The objective of this Statement of Need (SON) was to develop emission characterization methodologies for energetic and pyrotechnic formulations. It was expected that characterization methodologies will be shown to be effective at the laboratory scale during this proof of concept testing, with the ultimate goal of developing a field ready methodology under future testing. Research conducted in response to the SON helped to determine concentrations of airborne metals and chemicals of interest in relevant operating environments, including at the end of gun barrels, for estimating warfighter exposure. The results of this research were also be used to determine if metal-based energetic formulations (e.g., primers, explosives) are the primary contributor for airborne metals, or if the gun barrel, liner, casing, or bullet are contributing to airborne metal concentrations.
A successful proposal will develop technologies or methods that accomplish the following:
Proposals shall address complete methodology development and not development of technologies or instrumentation that addresses only a component of the process.
New emissions characterization methodologies will enable the Department of Defense (DoD) to model and predict potential range contamination, occupational exposure levels on ranges, and provide data for off-range migration of airborne contaminants. Stronger predictive capabilities will prepare the DoD to respond to emerging regulation of airborne contaminants and occupational exposure concerns, ultimately, reducing long-term health impacts and regulatory reporting requirements for DoD firing and training ranges and shoot houses.
Training and testing on DoD operational ranges, firing ranges, and shoot houses all have the potential to release hazardous materials as emissions. This is a particular subject of interest for lead-based explosives used in primers and detonators. Emerging regulation for both ambient air and occupational exposure has the potential to impact continued use of lead-based energetic materials. A 2013 study by the National Research Council found that the current Occupational Safety and Health Administration (OSHA) lead blood concentration level is not protective of workers, including those exposed to airborne lead on training ranges and shoot houses.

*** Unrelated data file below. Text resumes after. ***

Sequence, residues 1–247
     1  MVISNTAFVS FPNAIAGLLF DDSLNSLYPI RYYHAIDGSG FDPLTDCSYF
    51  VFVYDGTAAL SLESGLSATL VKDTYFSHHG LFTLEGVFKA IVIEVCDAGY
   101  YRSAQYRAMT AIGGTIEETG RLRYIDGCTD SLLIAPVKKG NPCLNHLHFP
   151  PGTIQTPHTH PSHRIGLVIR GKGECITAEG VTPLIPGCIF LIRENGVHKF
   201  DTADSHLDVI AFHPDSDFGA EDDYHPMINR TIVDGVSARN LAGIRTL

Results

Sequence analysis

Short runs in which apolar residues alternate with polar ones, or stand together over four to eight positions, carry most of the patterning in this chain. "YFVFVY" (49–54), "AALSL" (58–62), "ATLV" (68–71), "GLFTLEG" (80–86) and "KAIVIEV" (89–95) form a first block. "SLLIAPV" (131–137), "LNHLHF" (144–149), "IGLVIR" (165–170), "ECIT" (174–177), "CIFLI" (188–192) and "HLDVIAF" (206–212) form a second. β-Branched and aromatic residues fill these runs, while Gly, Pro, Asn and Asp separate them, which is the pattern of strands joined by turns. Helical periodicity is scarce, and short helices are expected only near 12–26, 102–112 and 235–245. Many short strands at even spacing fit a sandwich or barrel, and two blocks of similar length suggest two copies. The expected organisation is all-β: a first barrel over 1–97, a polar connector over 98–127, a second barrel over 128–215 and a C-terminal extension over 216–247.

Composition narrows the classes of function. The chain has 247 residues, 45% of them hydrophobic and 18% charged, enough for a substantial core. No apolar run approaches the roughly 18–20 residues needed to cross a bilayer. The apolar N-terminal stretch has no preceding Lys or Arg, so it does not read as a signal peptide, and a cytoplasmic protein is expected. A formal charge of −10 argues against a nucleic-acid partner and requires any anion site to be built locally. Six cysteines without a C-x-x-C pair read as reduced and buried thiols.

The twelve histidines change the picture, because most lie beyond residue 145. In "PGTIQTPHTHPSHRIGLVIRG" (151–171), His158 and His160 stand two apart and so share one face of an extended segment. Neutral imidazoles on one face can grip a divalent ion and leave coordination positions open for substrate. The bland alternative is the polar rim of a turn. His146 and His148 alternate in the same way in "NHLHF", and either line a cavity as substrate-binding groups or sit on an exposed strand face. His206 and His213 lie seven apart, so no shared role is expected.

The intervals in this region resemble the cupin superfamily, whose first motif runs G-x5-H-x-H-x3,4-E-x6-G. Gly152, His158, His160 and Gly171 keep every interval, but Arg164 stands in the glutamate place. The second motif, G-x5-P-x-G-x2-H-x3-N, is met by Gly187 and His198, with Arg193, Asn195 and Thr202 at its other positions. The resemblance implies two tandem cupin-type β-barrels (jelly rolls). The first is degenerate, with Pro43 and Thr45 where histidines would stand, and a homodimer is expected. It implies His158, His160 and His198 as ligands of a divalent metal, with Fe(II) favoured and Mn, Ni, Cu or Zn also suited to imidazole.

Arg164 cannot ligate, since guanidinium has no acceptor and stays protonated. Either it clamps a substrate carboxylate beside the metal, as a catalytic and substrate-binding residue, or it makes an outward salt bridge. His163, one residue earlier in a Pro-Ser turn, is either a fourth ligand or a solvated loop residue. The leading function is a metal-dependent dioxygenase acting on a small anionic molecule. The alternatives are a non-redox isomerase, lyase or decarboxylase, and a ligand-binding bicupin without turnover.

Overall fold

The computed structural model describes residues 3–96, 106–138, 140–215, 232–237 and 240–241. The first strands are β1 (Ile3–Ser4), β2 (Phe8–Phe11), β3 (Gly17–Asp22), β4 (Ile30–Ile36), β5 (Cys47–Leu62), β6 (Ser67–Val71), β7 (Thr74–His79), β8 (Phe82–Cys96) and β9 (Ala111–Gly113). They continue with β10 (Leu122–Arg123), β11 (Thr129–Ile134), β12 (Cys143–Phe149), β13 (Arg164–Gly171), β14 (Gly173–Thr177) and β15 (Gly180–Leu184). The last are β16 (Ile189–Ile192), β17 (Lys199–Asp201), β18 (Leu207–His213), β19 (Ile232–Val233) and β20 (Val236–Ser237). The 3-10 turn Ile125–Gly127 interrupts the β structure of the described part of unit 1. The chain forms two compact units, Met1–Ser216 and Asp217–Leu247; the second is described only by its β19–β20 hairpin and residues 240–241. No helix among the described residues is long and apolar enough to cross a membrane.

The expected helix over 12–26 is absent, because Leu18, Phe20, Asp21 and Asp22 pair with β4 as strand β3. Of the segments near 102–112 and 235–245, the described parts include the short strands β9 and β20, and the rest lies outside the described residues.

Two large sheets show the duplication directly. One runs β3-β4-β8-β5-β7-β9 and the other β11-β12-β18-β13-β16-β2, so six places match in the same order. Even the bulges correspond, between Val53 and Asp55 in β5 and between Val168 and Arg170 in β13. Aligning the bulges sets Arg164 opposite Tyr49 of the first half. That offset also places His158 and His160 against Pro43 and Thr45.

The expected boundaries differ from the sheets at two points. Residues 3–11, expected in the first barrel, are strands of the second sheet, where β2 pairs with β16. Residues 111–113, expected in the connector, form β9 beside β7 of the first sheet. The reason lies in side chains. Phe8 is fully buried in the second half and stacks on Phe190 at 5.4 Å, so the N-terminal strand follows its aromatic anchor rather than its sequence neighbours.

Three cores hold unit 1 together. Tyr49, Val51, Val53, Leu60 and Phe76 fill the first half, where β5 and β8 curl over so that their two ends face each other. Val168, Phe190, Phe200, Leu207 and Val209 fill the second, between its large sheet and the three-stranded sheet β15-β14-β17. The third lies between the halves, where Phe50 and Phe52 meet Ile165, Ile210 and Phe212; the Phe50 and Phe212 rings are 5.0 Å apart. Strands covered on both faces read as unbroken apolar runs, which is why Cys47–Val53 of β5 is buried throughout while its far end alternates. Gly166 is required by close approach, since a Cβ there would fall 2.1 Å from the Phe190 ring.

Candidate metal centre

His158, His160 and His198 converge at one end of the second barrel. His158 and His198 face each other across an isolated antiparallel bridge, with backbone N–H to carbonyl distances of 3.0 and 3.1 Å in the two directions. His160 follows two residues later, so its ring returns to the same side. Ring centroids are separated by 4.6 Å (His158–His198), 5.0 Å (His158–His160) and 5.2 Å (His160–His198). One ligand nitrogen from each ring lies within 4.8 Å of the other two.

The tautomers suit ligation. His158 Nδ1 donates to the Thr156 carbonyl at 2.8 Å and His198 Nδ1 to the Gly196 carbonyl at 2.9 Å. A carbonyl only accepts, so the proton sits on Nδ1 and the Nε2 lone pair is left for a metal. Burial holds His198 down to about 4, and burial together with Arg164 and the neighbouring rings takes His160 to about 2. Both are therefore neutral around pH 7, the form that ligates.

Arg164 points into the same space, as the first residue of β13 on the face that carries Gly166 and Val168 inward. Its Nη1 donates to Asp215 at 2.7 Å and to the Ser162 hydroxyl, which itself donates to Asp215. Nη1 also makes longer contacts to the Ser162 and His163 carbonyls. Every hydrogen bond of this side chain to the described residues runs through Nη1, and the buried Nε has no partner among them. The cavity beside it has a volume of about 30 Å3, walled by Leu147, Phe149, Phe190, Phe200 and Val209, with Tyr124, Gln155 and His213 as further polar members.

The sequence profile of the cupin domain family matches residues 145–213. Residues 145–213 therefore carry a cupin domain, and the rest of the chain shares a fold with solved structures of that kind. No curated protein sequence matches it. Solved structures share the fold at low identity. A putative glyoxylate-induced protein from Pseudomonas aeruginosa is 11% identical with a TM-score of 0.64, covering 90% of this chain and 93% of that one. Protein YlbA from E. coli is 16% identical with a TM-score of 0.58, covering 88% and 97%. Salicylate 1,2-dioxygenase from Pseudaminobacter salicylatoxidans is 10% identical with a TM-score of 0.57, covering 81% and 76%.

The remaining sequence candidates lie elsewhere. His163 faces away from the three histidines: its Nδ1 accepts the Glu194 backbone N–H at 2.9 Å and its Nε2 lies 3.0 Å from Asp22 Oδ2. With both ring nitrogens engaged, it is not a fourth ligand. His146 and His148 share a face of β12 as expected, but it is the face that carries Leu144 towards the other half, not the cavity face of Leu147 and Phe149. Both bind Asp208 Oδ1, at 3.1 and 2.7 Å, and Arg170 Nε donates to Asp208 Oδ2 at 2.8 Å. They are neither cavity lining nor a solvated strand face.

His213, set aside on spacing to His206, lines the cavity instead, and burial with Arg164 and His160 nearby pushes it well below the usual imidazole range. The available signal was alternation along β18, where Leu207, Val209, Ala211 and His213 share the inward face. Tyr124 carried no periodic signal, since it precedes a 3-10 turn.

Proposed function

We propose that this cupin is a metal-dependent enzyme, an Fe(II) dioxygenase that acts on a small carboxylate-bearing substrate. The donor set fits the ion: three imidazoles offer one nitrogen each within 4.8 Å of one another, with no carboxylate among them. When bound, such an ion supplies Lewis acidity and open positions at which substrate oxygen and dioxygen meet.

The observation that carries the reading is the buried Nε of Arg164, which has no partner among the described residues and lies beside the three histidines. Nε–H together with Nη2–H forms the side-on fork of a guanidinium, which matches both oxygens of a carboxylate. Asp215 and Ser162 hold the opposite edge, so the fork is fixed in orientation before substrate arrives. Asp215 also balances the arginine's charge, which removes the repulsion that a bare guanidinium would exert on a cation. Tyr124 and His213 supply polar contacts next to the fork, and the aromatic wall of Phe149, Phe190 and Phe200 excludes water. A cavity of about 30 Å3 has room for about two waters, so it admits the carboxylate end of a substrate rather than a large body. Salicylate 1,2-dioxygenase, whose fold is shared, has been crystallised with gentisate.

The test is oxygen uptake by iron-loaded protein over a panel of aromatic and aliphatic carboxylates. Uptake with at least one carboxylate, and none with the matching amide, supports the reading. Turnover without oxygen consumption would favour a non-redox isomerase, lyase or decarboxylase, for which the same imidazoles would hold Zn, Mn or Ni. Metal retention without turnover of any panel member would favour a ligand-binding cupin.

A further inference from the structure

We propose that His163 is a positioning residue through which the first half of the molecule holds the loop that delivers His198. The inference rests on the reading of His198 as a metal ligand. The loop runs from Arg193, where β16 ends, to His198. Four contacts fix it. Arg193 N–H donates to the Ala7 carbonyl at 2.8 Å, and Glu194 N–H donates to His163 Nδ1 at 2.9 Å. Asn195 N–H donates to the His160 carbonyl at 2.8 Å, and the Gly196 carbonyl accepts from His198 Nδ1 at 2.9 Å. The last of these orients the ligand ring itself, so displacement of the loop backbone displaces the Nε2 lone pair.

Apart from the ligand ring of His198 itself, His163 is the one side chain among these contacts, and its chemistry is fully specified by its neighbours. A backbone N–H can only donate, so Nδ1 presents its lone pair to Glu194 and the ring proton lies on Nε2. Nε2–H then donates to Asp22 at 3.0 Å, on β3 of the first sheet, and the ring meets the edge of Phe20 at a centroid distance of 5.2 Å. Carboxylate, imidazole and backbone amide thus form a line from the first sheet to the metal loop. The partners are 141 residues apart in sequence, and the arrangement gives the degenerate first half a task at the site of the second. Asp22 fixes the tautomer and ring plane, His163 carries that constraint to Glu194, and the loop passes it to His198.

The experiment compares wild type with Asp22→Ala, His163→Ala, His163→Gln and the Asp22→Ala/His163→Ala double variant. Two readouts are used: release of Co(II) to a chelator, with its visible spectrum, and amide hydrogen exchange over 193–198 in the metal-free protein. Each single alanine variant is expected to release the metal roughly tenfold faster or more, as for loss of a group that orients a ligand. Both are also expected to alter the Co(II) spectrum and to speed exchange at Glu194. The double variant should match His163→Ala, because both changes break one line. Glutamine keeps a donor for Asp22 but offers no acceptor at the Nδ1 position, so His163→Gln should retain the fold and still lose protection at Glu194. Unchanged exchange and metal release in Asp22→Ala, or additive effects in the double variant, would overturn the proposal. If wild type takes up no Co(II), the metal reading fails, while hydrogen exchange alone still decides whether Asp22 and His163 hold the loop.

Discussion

The impacts of these findings are still being determined; however, it is anticipated that lower occupational exposure levels will be enacted to reduce worker and warfighter exposure to lead on training ranges, shoot houses, and firing ranges. Better characterization of lead emissions at firing points can guide better environmental regulations and inform DoD’s response to them. Some issues may be alleviated through engineering controls at ranges.
Better characterization is also needed for metal combustion products and other emissions that could be transported off-range. In 2009, the Environmental Protection Agency (EPA) reduced the National Ambient Air Quality Standard (NAAQS) for lead by an order of magnitude to 0.15 µg/m3 . Installations that emit ½ ton or more of lead emissions may have to comply with monitoring requirements. This change to the NAAQS increases the risk of violations with continued training with lead-based primary explosives. This NAAQS will be in full effect by 2018.
Finally, there are no accurate ways to predict products from the combustion of pyrotechnics. Thermodynamic models assume complete and ideal detonation, which is often impossible in slow burning, non-ideal pyrotechnic formulations. There are no effective, rapid screening methodologies for identifying products of combustion outside of full-up item testing and random air sampling. Small scale evaluation methodologies would improve formulation selections and help to identify potential environmental contaminants emitted through use of pyrotechnics. This is particularly important for chlorinated compounds that are used in pyrotechnic flares, which have the potential to release chlorinated ring compounds (e.g., dioxins).
To meet the objectives of this SEED SON, proposals should not exceed $150,000 in total cost and approximately one year in duration. Work performed under the SEED SON should investigate innovative approaches that entail high technical risk and/or have minimal supporting data. At the conclusion of the project, sufficient data and analysis should be available to provide risk reduction and/or a proof-of-concept. SEED projects are eligible for follow-on funding if they result in a successful initial project.